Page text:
Nigeria’s northeastern state of Borno is currently in the news, due to the Boko Haram group’s involvement in the abduction of many girls and other incidents. If, like me, you’d like to gain some understanding of the country of Nigeria as a whole by reading about its culture and history and experiencing its rich literature, here are a few nonfiction and fiction titles to get you started. All are available at OC Public Libraries.
Looking for Transwonderland: Travels in Nigeria by Noo Saro-Wiwa
Nigerian-born Noo Saro-Wiwa was raised in England, but spent every summer in Nigeria with her activist father, Ken Saro-Wiwa. After Ken was executed by the Nigerian government in 1995, Saro-Wiwa stayed away from the country for several years. However, she recently returned to Nigeria and describes her experience in Looking for Transwonderland: Travels in Nigeria. She details her travels within the country, from the capital of Lagos, to collegiate Ibadan, urban Abuja and the Islamic north. She also visits nature preserves; Benin, formerly the principal city of the Edo kingdom of Benin and the oil city of Port Harcourt where she was born. She discusses diverse topics, from religion, slavery and the effects of the petroleum industry to Nollywood (Nigerian cinema) and the Trans-Wonderland amusement park itself. Along the way, she develops a nuanced perspective on Nigeria, noting the existing corruption but also struck by the country’s beauty and variety. Saro-Wiwa’s travelogue is an excellent starting point for those who wish to learn about Nigeria.
There Was a Country: A Personal History of Biafra by Chinua Achebe
Nigerian Chinua Achebe is the author of the acclaimed novel, Things Fall Apart, in which he depicts Nigerian tribal life before and after colonialism. However, in There Was a Country: A Personal History of Biafra, Achebe covers another topic, his memoir of Biafra, a country which existed from 1967 to 1970. During the military coup and countercoup in Nigeria in the early 1960s, thousands of members of the Igbo ethnic group were killed. Igbo survivors fled to the east and pronounced this region of the country to be the independent Republic of Biafra. This led to a civil war between the Nigerian government and Biafra, which ended with Biafra's defeat in 1970. In There Was a Country, Achebe employs both prose and poetry to discuss politics, history and his own experience of Biafra as an Igbo and as a cultural ambassador for the country. He also describes his childhood in the town of Agidi, where he was surrounded by both Christian and Igbo culture. This is a great book for anyone wanting to learn more about Achebe, Biafra or Nigeria.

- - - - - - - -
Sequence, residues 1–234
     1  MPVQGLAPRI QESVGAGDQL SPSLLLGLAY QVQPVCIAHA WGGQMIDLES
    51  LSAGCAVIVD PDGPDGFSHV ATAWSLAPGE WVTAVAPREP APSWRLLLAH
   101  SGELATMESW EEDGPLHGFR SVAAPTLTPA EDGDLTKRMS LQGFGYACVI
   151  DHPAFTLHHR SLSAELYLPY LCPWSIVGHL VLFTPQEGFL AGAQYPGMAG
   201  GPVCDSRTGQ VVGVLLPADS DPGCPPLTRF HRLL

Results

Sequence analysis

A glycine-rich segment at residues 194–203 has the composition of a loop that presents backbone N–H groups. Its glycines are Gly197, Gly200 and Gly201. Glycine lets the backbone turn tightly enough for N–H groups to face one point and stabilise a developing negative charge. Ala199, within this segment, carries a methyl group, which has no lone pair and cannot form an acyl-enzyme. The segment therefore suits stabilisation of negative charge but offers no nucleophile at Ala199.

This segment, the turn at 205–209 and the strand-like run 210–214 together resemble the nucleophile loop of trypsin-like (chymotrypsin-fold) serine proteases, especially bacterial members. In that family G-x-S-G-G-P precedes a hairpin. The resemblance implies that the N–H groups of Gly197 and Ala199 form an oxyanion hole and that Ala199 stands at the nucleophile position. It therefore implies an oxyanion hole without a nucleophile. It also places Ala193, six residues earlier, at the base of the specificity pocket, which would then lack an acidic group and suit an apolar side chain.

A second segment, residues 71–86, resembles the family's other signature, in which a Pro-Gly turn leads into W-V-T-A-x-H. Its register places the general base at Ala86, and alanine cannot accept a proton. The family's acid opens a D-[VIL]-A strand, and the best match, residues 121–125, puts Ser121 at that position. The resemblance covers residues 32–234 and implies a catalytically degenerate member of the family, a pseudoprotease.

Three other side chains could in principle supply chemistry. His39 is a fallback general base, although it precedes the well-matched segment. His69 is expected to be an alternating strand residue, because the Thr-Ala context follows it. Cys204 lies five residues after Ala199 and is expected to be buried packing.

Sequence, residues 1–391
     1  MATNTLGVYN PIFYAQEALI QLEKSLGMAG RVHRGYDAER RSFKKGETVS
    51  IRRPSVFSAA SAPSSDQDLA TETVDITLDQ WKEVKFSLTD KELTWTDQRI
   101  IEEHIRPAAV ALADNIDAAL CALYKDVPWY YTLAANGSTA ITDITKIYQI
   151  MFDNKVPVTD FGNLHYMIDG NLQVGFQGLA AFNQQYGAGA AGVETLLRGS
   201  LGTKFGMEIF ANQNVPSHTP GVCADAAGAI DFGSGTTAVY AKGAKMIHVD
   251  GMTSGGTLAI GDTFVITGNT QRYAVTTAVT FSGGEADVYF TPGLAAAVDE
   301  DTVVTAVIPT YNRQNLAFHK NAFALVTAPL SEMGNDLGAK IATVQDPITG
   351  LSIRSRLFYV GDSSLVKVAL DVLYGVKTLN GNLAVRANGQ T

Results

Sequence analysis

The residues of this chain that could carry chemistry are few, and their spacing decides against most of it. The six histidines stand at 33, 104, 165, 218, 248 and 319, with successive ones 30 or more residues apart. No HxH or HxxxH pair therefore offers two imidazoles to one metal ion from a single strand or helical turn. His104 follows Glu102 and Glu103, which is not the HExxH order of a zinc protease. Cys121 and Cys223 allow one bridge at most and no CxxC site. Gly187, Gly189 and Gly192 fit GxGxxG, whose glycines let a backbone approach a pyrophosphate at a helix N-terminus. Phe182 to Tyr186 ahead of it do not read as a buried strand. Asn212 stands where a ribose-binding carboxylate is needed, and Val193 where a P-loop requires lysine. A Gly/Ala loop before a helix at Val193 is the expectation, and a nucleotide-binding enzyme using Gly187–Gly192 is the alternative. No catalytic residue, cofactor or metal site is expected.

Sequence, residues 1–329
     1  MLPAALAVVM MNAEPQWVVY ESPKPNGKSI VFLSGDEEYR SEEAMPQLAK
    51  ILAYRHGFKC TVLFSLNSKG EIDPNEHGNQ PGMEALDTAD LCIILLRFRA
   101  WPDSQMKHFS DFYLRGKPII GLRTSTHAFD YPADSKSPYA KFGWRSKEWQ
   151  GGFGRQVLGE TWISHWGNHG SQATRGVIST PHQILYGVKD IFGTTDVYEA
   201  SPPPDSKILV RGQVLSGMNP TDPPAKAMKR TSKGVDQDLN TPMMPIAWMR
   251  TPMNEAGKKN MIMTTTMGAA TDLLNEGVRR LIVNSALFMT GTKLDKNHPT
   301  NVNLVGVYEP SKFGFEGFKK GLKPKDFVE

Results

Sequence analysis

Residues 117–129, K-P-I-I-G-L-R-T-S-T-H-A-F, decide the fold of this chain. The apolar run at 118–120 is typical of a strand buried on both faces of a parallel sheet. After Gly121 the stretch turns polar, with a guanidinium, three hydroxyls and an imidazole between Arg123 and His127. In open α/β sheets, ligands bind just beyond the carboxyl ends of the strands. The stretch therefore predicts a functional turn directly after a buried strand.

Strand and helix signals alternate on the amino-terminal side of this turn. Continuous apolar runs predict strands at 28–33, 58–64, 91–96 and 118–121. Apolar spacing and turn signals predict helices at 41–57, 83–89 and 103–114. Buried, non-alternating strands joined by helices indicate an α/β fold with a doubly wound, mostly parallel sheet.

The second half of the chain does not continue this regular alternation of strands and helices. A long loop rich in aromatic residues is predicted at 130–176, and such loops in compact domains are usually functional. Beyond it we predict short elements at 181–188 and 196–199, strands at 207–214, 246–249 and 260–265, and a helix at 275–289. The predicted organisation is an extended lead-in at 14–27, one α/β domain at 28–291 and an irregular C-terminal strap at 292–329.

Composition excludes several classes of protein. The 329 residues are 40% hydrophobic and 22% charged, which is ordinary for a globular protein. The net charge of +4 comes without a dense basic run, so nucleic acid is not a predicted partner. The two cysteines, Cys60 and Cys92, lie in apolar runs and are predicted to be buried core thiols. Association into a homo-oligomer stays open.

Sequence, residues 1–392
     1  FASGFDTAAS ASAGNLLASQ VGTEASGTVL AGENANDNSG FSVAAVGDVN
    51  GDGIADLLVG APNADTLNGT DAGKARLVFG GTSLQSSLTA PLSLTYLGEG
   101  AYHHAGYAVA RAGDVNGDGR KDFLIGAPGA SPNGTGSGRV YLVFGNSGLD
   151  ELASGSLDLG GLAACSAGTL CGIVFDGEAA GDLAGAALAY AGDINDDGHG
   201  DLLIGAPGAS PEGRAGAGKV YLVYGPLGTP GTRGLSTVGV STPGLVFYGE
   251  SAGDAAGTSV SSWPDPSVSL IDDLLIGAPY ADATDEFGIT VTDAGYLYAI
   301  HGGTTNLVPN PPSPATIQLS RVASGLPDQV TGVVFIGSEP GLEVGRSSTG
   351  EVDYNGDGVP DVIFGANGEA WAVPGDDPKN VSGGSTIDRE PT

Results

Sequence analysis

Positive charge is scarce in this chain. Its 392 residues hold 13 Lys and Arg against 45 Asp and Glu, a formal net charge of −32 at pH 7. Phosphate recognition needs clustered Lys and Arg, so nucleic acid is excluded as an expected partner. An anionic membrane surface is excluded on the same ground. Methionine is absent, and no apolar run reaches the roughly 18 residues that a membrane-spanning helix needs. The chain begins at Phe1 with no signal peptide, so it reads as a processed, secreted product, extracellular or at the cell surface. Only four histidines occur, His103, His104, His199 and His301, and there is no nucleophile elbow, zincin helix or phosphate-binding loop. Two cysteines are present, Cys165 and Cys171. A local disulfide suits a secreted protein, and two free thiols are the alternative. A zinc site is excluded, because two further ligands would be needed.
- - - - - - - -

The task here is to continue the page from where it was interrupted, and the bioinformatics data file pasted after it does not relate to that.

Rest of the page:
Every Day Is for the Thief: Fiction by Teju Cole
Nigerian Teju Cole received the PEN/Hemingway Award and was nominated for a National Book Critics Circle Award for Open City, a novel in which he describes a Nigerian psychiatry resident’s walk through post-911 New York City. Before Open City, however, he wrote Every Day Is for the Thief, which was published in Nigeria in 2007 and then revised and updated for its first publication in the United States in 2014. In Every Day, Cole depicts an unnamed narrator’s walk through Lagos, the capital city of Nigeria, after he has spent time in the U.S. Although the narrator seeks inspiration from his walk, character development is not the main focus of this novel. The novel is a series of observations of contemporary life in Lagos, with settings ranging from local markets to buses to Internet cafes to the national museum. Cole addresses culture, poverty and the changes that have occurred in Nigeria. Also included are the author’s own black and white photographs. Those who want to be immersed in the city of Lagos or simply enjoy the writings of novelists and poets who have described their journeys through urban areas -- Baudelaire, J. M. Coetzee, W. G. Sebald and others -- should definitely not pass up this work.
The Thing Around Your Neck by Chimamanda Ngozi Adichie
During the most recent “Storytime for Grown-Ups” at my library branch, I read aloud a short story by Nigerian-born author Chimamanda Ngozi Adichie called “A Private Experience”. It depicts the interactions between two women sheltering in an abandoned shop in a Nigerian city, the affluent Christian narrator and a poor Muslim mother who helped her find this hiding place during a riot. As a result of their time together, the narrator realizes that the stereotypes about Muslims promulgated by the media are inaccurate. This story is part of the short story collection entitled The Thing Around Your Neck, in which Adichie writes about a range of topics, including romantic and familial relationships, Nigeria and the experience of Nigerians living in the United States. Individual stories concern family secrets, infidelity, the loneliness of the immigrant experience and self-examination. Adichie’s novel Americanah, a fictionalized yet semi-autobiographical account of a young woman who leaves Nigeria to attend university in the U.S., won the 2013 National Book Critics’ Circle Award for fiction. I highly recommend The Thing Around Your Neck to anyone who wants to gain insights into human nature or the Nigerian or Nigerian-American experience.